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Thursday, March 10, 2016

Eliminate One Thing

Handling the To Do List
In an earlier article I suggested that our thoughts this month turn to a closer look at our scheduling, priorities, and focus. I discussed grounding ourselves by focusing on something smaller, such as a solid review of the Twinkle Variations. This week I suggest we approach the problem by looking at our scheduling.

I fondly remember a parent workshop given by Jeanne Luedke in 2001. During the question and answer period, one of the parents asked how to fit practices into a busy schedule. Jeanne announced that she had the answer, and she asked the parents to pull out a piece of paper.

There was the sound of rustling paper as parents turned to fresh pages in their notebooks or tore out pages. Pens poised, parents sat expectantly, almost eagerly, to wait for Jeanne's help.

"Write down a list of all the activities that you have to do in a day."

Pens scurried across the pages, and I could feel the parents' anticipated and hopeful expectation that Jeanne would give them answers of how to find time to practice daily -- something that parents, I know, struggle with universally.

"Do you have your list ready?" Jeanne asked. Nods from the parents. "Then, here's what you do."

"Take your list, and tear it in half," Jeanne said.

Dead silence. "No, really. That's all there is to it. It works!" At that point, I heard at least one pen smack against a notebook page. Not the answer that most of the parents expected, I thought.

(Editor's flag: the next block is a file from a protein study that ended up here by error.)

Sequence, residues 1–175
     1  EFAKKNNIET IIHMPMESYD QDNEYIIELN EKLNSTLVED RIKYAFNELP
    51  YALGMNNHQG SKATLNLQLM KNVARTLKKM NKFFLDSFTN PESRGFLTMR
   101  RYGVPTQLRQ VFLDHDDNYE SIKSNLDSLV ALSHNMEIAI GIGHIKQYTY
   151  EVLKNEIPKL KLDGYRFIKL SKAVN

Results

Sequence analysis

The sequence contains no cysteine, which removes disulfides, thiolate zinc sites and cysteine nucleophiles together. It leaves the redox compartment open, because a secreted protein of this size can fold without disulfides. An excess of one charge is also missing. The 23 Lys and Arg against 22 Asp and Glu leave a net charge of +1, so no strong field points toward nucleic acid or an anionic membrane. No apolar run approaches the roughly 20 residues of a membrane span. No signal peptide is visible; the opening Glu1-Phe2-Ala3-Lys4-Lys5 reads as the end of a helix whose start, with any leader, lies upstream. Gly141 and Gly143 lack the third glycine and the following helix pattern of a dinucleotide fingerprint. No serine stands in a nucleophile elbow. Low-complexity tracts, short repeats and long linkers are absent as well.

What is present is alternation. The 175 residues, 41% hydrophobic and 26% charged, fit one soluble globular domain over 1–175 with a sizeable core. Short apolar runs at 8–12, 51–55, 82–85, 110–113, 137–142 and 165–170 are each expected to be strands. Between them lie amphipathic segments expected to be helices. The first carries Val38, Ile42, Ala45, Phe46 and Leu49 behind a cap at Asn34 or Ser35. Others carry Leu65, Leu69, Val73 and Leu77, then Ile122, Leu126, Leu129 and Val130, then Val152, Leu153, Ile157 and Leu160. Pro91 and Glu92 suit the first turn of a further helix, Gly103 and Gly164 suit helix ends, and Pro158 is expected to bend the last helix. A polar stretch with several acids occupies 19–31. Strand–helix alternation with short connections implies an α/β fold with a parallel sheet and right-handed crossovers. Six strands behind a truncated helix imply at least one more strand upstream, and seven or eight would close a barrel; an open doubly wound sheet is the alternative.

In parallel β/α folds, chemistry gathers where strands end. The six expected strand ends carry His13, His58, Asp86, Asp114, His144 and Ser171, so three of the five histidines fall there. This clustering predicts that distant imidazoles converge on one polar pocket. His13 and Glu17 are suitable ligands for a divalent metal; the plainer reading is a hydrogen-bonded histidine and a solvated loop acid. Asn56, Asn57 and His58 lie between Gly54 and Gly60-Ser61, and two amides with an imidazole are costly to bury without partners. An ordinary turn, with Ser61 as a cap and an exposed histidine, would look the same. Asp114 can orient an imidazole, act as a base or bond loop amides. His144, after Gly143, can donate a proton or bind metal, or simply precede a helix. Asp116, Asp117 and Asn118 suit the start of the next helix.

Jeanne's point is a good one though. We probably do way too many things. I certainly feel that way when I hear parents recite a litany of reasons why they were unable to find time to practice during the week. I think to myself that the list of things that parents have obligated the child and the parents to do each week is sometimes staggering! I want to follow through on Jeanne's advice and tear the list of activities in half.

I feel that way myself about my own list of things to do. When I write my list of things to do for the week, and also my daily list, I run dangerously close to running out of room on my to do list. I recall Jeanne's advice about tearing the list in half, and I understand once again the frustration of the parents at the workshop that day in 2001.

If your to do list looks like something that the Apple folks would put together for a new product launch, and yet you know that there is very little more that you can do to minimize the list, I suggest that you focus on finding only one thing to limit or eliminate. Start with one and see what you can do this week about eliminating or reducing it. 

I know, one thing is not going to be enough. It will be a good place to start. One thing may lead to two things. The good feelings that come from NOT having to do one or two things may be all the uplifting capital that you need this week. It will certainly be better than having to do the work of the week with those one or two things added to the mix.

So try eliminating one thing. Break an activity into much smaller components to take much of the "sting" or pressure out of doing the entire activity at one time.

If you want to look at the earlier article about how to ground ourselves by shrinking our focus and priorities, click here.

Until next time,

Happy Practicing!

----- Paula -----

© 2016 by Paula E. Bird

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